MAIP - The Culture of Burnout
The last phase of MAIP consisted of a series of group projects where we had around 5 days to complete an full ad campaign. It seemed easy enough at first, however I hadn't taken into account that organizing meetings with 14 people who hadn't met before, all lived in different time zones, and all had different responsibilities was going to be as difficult as it was. At this point in my college career, I'm used to constant sleeplessness and living with Red Bull running through my veins to pull campaigns out of thin air the night before they're due. But this time, I asked myself, "is this really sustainable?"
As someone who copes by overworking to the point of deterioration, I felt for the first time as though the culture of constant overwork in advertising didn't sit well with me. My University's portfolio program faced much criticism in the past year because of this toxic culture, but those sentiments didn't really resonate with me until now. Why is this unhealthy lifestyle so often praised? Earlier this year I won awards for a campaign, but I had nearly fainted from exhaustion as it was being critiqued due to the hell I had gone through to get it done.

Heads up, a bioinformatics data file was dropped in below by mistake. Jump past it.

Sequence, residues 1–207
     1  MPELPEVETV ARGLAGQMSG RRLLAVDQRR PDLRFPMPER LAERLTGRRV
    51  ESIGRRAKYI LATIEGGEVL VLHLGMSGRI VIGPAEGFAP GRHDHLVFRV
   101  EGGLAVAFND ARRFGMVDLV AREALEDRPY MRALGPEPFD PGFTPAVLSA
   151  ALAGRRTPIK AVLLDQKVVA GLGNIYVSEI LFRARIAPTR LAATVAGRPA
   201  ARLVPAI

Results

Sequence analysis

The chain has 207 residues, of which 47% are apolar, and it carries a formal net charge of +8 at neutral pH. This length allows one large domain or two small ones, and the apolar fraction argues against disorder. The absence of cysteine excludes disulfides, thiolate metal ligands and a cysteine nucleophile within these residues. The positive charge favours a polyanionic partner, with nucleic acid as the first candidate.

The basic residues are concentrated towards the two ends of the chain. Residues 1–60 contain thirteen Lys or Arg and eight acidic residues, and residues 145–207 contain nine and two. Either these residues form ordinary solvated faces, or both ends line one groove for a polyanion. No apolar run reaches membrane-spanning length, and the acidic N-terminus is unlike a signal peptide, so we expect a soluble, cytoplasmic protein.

The logistical difficulties and unexpected obstacles during these projects made me think about everything from a management perspective and question how I would handle situations like this in the workplace. Most of the people in our group had jobs and other priorities, and I was busy doing on pro bono work on top of personal projects. And aside from my art director responsibilities I was struggling to get my apartment subleased since my college classes were suddenly moved online and I didn't need to return to campus in the fall. When working a real agency job, my other responsibilities wouldn't magically disappear either, so how would I approach this dilemma then?
The experience made me realize I would like to advocate for myself more, and set clearer boundaries for what I want to do and what time I would like to set aside for myself. I still consider work my first priority, but I would like to think it won't be my only one.